We continue to keep up our efforts to facilitate transformation of Kowloon East into another core business district to support Hong Kong’s economic development. At present, Kowloon East has over 2.8 million square metres of commercial/office floor area, with potential to further supply approximately 4.2 million square metres in future. The planning and engineering studies on the Kowloon Bay and Kwun Tong Action Areas have largely been completed. We are also reviewing the future use of the Ngau Tau Kok Divisional Police Station site and a site at Lai Yip Street.
We continue our work to improve the pedestrian environment in Kowloon East. These include commencing construction of an additional footbridge near MTR Kowloon Bay Station Exit B subject to funding approval, commencing investigation and preliminary design for a new footbridge near MTR Exit A of the same station, carrying out design for extension of the pedestrian subway network connecting to MTR Ngau Tau Kok Station, and carrying out detailed design of another footbridge across Wai Yip Street near Siu Yip Street.
We will commence works on the “Revitalisation of Tsui Ping River” project as well as improvement of the Lam Wah Street Playground and its adjacent area subject to funding approval. We will also take forward the District Open Space, Sports Centre cum Public Vehicle Park project at Sze Mei Street with a view to enhancing provision of leisure and sports facilities, and providing about 300 parking spaces underground to meet public needs. We will provide distinctive play facilities at Kai Tak Runway Park to bring more vibrancy to the former airport runway tip.
We will continue to use Kowloon East as a pilot area for exploring smart city development and share the knowledge and experiences gained in carrying out the proof-of-concept trials with relevant government departments and stakeholders to facilitate wider application.
Providing connected and accessible promenades on both sides of the Victoria Harbour continues to top the agenda of our harbourfront enhancement efforts. In the past year, the Government has, with the support of the Harbourfront Commission (HC), extended the length of our connected promenade by about 10% to a total length of about 23 km. The newly completed/enhanced promenades have completed the jigsaw in the western part of the Hong Kong Island and fully connected the harbourfront from Shek Tong Tsui to the Hong Kong Convention and Exhibition Centre, providing the longest promenade (about 4.5 km) along the Harbour by far.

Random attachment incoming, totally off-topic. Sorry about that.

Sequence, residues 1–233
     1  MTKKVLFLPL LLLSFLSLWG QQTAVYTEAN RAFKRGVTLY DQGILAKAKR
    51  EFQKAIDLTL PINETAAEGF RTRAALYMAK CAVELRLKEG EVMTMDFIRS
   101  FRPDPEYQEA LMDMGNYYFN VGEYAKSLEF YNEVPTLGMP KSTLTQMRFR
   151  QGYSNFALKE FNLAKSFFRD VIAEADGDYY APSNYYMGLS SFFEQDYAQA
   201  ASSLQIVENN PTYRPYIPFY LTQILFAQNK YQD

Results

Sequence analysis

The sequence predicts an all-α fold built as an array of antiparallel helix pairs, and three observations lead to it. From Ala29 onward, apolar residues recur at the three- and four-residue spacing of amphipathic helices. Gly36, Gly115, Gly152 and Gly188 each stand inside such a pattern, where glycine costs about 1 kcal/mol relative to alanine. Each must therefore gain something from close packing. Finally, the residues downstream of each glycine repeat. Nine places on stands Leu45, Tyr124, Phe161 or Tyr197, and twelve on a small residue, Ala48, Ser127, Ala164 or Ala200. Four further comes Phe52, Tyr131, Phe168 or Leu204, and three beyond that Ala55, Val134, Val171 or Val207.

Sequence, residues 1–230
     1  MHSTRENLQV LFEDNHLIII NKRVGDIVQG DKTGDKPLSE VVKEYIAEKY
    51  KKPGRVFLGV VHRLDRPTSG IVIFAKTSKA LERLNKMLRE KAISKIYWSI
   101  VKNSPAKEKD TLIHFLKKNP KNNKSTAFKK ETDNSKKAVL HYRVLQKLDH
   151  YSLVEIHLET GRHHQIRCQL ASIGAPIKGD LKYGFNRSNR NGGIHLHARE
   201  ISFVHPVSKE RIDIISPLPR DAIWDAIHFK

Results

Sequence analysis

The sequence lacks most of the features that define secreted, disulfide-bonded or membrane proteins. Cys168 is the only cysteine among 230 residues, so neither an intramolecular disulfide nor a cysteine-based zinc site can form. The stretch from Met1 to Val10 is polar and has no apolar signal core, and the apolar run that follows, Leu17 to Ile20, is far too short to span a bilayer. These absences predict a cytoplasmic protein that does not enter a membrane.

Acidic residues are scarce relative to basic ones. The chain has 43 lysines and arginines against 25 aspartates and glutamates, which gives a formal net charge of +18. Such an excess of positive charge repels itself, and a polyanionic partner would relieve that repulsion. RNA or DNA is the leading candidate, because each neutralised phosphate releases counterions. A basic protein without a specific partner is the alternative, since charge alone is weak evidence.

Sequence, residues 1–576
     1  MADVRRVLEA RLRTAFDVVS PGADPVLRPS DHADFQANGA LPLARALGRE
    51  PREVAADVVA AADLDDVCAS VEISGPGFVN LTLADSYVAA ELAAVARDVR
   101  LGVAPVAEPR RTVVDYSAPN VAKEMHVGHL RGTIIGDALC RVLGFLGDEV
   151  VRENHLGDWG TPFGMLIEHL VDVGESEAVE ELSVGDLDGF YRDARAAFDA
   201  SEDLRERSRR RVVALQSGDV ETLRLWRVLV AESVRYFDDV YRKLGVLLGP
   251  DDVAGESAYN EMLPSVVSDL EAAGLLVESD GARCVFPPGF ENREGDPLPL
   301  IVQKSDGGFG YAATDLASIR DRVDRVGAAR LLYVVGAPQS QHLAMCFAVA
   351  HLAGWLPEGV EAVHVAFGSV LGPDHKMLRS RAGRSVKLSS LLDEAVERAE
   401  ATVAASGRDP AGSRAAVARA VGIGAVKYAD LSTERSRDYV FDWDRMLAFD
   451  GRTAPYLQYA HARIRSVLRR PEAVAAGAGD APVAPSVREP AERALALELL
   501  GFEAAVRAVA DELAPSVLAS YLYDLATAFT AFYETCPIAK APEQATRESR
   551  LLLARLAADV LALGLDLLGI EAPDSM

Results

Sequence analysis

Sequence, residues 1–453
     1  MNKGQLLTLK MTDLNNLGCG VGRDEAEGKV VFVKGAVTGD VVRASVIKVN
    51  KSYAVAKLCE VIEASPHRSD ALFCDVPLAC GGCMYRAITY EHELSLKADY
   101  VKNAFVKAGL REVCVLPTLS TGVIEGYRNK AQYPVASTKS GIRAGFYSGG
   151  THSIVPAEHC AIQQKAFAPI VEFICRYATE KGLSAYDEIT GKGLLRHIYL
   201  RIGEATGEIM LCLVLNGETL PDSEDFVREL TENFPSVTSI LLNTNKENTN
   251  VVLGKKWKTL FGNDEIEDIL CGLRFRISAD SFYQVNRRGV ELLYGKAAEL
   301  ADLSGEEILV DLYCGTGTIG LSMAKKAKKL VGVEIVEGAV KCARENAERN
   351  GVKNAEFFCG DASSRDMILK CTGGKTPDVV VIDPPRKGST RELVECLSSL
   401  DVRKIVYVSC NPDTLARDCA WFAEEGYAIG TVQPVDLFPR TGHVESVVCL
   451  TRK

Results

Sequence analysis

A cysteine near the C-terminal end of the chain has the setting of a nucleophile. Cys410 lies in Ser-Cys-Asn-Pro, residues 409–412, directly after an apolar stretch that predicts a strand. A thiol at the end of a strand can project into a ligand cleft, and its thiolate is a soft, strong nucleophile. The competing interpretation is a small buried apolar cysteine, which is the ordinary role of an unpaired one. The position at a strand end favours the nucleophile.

With the $6.5 billion dedicated funding, the Government has been working closely with the HC to press ahead the various harbourfront enhancement projects, with a view to extending the total length of our harbourfront promenade to about 34 km in a decade. Specifically, on the side of Hong Kong Island, we will commence the construction of West Landscaped Deck in Wan Chai for enhancing connectivity between the harbourfront and the inland area, and conduct detailed design of the proposed Boardwalk underneath the Island Eastern Corridor and the Open Space at Eastern Street North. As regards the other side of the Harbour, we will take forward the enhancement of the Hoi On Road harbourfront in Tsuen Wan and the Urban Park project in Hung Hom. We will also start engaging the relevant parties on the preferred design for the Metro Park in Kai Tak.
We will continue to look for opportunities to tap into the innovation and expertise of the professional industries, non-governmental organisations (NGO), local community and private sector alike on the planning, design, development and management of harbourfront areas. In this regard, we will organise design competition for developing the prominent harbourfront location in Wan Chai North, as well as explore the possibility of engaging outside parties for managing water sports and recreation facilities in Wan Chai North and the Boardwalk underneath the Island Eastern Corridor.
In 2018, we completed the revitalisation of Kai Tak River to provide the community a green river corridor with both flood prevention function and ecological value. We will further foster the concept of “Rivers in the City”. The aim is to allow the public to enjoy river facilities, experience the multiple values of water bodies, treasure water bodies and create a better living environment. We are vigorously formulating all kinds of revitalisation schemes for rivers and nullahs with high revitalisation potential. The rivers and nullahs concerned include the Jordan Valley Nullah, Tai Wai Nullah and Fo Tan Nullah. Besides, we will also introduce water bodies rejuvenation facilities, such as artificial flood attenuation lakes and river parks in planning for new development areas.
We have been taking forward a series of strategic and operational initiatives to bolster our urban forest and ameliorate tree risks. We will enhance the tree risk assessment requirements starting from the 2019 annual cycle, including tightening of the qualification and experience requirements of inspection officers, additional auditing and surprise site checking of tree risk assessment and mitigation works, and piloting smart technologies to complement our tree management work to enhance effectiveness and efficiency. We will also set up a dedicated and strengthened Inspection Squad to carry out site patrols, conduct systematic tree failure inspections and analyses, and organise public education and promotion activities at the district level.